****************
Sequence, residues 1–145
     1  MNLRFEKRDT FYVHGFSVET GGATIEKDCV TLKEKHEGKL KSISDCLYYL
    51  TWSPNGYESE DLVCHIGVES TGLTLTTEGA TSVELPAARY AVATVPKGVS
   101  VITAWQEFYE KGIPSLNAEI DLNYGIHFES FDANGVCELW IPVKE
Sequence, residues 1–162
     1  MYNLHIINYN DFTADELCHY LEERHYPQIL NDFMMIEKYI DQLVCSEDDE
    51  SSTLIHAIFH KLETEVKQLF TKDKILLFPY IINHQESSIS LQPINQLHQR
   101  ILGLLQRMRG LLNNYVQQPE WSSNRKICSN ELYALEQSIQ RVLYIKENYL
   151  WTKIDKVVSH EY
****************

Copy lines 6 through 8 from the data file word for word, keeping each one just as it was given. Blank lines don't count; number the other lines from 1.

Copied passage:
     1  MYNLHIINYN DFTADELCHY LEERHYPQIL NDFMMIEKYI DQLVCSEDDE
    51  SSTLIHAIFH KLETEVKQLF TKDKILLFPY IINHQESSIS LQPINQLHQR
   101  ILGLLQRMRG LLNNYVQQPE WSSNRKICSN ELYALEQSIQ RVLYIKENYL